- NATO Kosovo Force
- Operation Enduring Freedom
- Operation Freedom’s Sentinel
- Operation Inherent Resolve
- Operation Iraqi Freedom
- Operation New Dawn
- Operation Octave Shield
- Operation Odyssey Lightning
- Operation Spartan Shield
- U.S. Africa Command Operations
- U.S. Central Command operations
- The People Behind The Sacrifice
Army Spc. Lyle W. Rymer II
Died January 28, 2005 Serving During Operation Iraqi Freedom
24, of Fort Smith, Ark.; assigned to the 239th Engineer Company, 39th Infantry Brigade, Arkansas Army National Guard, Booneville, Ark.; killed Jan. 28 when he was shot by enemy forces in Baghdad.
Arkansas soldier killed by sniper in Iraq
LITTLE ROCK, Ark. — An Oklahoman serving with an Arkansas National Guard unit, killed by a sniper in Iraq, will be buried at the Fort Smith National Cemetery.
A teacher at Lyle Rymer’s high school in Roland, Okla, remembers Rymer as a “very good kid,” a quiet, hardworking student with his eyes firmly focused on getting his high-school diploma.
Rymer, who achieved that goal on time, was killed Friday while guarding an area in central Baghdad. Engineers were setting up barriers when he was hit by a single shot from an insurgent sniper rifle, according to his platoon leader, Lt. Brian Mason.
Rymer, 24, was serving with the Arkansas National Guard’s 39th Infantry Brigade, 239th Engineer Company.
Chuck Davis, a teacher at Roland High School, remembered Rymer from a study hall session held for students who came back from vocational tech school and had about 30 minutes of free time before resuming classes at the high school.
“He really didn’t stand out,” Davis said Monday. “He was a quiet kid that took care of his business. He was the youngest of three kids, and he really wanted to graduate. That was his big thing. He wanted to graduate on time with his class, with his friends.
Davis said Rymer graduated in 1999 ranking somewhere in the middle of a class of 90 students. He said Rymer studied small engines at a vocational tech school half a day during his junior and senior years of high school.
In the class, he said students might work on lawn mowers, chain saws, go karts or motorcycles.
“They just worked on anything,” Davis said. “They have an auto mechanics class up there, so small engines was pretty much everything else.”
Davis said Rymer had worked at a grocery store in Roland, a town of about 2,800 people located 5 miles west of Fort Smith, Ark.
“He was just a quiet, unassuming guy,” Davis said. “I had no idea the military was in his future.”
Bobby Sue Drake, Rymer’s grandmother, told the Arkansas Democrat-Gazette that Rymer joined the National Guard two years ago to help his family.
“That’s what he decided to do,” Drake told the newspaper. “He liked it. He said, ‘Somebody’s got to defend this country. It might as well be me.’ He was a great kid.”
Rymer was the 27th soldier from the 39th Infantry Brigade to be killed in Iraq. Military officials told Rymer’s relatives he was helping secure the area before Sunday’s elections in Iraq. Rymer was the only soldier shot, a military spokesman told the Arkansas Democrat-Gazette.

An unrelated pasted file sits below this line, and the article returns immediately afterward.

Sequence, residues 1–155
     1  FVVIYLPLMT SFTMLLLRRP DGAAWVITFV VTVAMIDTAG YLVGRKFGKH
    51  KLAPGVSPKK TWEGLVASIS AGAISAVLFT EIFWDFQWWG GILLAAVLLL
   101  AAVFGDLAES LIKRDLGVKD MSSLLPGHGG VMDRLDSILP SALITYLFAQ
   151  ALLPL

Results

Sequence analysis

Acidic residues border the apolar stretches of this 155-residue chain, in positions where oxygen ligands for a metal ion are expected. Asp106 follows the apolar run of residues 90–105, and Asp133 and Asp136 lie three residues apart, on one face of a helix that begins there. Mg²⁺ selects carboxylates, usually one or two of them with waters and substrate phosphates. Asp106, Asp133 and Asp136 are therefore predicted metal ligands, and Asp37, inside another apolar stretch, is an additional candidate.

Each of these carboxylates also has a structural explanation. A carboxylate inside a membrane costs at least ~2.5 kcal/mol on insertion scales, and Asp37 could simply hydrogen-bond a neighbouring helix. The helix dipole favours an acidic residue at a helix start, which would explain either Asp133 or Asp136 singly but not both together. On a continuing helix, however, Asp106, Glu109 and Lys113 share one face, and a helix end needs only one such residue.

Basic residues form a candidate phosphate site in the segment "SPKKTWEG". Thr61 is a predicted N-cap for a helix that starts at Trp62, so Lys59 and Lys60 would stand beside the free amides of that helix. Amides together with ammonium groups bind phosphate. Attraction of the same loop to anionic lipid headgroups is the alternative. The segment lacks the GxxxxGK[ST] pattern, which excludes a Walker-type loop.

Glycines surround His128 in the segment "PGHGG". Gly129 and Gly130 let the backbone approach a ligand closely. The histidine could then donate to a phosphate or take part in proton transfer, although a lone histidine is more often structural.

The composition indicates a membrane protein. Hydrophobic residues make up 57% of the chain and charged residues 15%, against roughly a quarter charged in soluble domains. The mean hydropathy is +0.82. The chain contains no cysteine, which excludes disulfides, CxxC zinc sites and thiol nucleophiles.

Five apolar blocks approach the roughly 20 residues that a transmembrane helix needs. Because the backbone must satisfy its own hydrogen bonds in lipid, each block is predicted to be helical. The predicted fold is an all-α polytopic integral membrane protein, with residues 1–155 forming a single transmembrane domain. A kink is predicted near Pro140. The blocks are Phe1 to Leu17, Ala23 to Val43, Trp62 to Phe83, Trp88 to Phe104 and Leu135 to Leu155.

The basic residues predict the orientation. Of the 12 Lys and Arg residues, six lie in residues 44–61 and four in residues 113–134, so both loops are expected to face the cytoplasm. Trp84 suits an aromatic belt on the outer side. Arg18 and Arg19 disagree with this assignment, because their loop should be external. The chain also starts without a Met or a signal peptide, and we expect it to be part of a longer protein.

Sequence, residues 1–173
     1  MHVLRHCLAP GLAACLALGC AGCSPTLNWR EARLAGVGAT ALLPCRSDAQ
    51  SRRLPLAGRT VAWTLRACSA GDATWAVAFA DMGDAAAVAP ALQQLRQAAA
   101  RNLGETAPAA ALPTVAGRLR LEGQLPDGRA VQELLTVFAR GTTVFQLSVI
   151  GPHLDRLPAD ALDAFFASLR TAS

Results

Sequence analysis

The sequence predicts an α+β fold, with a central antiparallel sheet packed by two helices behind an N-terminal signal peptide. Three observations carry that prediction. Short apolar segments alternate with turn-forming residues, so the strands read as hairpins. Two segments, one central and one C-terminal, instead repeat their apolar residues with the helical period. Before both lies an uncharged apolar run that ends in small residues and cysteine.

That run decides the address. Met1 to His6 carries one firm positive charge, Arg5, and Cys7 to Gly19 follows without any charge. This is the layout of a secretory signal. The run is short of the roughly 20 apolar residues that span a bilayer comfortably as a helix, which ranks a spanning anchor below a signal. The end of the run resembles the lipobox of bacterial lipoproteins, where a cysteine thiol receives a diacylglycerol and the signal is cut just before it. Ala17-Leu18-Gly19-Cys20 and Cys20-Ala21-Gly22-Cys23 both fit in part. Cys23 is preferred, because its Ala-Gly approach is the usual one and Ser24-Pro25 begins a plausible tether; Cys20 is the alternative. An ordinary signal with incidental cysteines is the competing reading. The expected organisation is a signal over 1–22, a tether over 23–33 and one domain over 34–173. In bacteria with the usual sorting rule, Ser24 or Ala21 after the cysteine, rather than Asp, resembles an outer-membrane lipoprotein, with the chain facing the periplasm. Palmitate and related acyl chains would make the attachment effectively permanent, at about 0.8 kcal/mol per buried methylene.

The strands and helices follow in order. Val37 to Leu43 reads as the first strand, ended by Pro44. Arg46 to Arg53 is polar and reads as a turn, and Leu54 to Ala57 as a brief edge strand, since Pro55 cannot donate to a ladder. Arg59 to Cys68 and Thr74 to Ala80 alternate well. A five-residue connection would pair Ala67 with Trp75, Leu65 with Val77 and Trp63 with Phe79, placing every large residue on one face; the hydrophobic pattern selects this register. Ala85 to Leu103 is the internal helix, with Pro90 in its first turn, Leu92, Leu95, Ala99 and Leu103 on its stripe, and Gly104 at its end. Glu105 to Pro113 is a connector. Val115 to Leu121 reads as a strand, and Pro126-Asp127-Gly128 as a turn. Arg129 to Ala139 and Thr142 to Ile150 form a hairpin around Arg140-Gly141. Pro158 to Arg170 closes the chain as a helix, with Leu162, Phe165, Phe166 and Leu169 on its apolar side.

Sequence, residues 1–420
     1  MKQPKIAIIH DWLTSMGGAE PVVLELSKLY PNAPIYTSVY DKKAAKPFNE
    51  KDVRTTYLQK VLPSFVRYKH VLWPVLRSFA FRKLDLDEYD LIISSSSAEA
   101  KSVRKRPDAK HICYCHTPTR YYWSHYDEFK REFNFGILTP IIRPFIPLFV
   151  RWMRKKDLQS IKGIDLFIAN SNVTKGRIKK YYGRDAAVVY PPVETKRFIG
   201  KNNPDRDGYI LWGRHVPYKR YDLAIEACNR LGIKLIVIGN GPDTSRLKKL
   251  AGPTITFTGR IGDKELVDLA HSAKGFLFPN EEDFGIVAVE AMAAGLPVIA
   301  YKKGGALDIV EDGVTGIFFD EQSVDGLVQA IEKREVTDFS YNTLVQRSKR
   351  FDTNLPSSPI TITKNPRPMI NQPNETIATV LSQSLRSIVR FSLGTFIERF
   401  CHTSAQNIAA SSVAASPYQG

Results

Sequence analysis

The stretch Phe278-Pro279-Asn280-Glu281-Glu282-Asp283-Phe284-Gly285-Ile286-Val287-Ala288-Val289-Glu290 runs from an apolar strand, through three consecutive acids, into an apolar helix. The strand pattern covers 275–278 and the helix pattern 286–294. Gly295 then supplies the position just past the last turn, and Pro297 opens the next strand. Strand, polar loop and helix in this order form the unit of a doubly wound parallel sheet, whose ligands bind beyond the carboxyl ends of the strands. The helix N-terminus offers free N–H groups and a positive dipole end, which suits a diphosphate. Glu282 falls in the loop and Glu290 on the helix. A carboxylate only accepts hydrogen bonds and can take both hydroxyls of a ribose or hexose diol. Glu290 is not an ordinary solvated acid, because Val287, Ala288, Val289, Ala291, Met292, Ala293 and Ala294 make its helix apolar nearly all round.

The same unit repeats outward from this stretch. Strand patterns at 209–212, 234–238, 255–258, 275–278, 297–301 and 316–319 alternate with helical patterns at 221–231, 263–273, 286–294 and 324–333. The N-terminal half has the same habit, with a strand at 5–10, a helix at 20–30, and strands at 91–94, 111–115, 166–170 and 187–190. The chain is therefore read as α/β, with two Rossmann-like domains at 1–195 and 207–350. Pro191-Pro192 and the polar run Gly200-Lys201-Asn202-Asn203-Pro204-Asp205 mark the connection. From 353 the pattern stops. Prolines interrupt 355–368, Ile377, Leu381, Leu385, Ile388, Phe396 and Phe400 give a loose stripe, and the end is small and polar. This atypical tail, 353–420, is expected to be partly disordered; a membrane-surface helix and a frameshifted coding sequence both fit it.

Drake said two military officials informed the family on Friday.
“I kept saying, ‘Are you sure? There has to be a mistake,”’ Drake said. “You just want it to be a mistake.”
The 39th planned to hold a service for Rymer in Iraq on Tuesday.
Rymer is survived by his wife, LaTisha, a son, Sean, 2, and a 10-month-old daughter, Jasmine, Drake said.
Rymer saw his newborn daughter during a two-week furlough in November, Drake said.
He last spoke with his sister, Michelle Rymer of Roland, on Jan. 24 and said then that he wouldn’t be able to call for several days because phones would be closed down for the elections.
“We told each other we loved each other,” Michelle Rymer told the Democrat-Gazette.
Guardsman remembered for doing more than was asked
FORT SMITH, Ark. — Spc. Lyle Wyman Rymer II was remembered Monday as a soldier who was eager to do more than his share.
Rymer, 24, of Roland, Okla., died from sniper fire Jan. 28 in Iraq while guarding members of his unit who were erecting barricades in preparation for the Jan. 30 elections. He was a member of the 39th Infantry Brigade.
“Lyle did not die for the people of Iraq. He died because he knew someone had to go and protect his family,” Maj. Gen. Don Morrow, Arkansas National Guard adjutant general, said in the service at Fort Smith National Cemetery.
Morrow said Rymer was awarded the Purple Heart for wounds he suffered Jan. 28, the Bronze Star for meritorious service during combat operations and the Arkansas Distinguished Service Medal from the Arkansas National Guard for exceptional meritorious service.
A number of soldiers from Rymer’s unit, the Arkansas Army National Guard’s 239th Engineering Company in Booneville, had completed their time in Iraq and attended the funeral.
Sgt. 1st Class Ralph Ferguson said Rymer planned to make a career of the Army and was considering enrolling in airborne school. Rymer also had a reputation for cheering up fellow soldiers and always wanted to do more than was asked of him, his comrades said.
The 3,000 members of the 39th Infantry Brigade sent to Iraq in March are to return home next month.
— Associated Press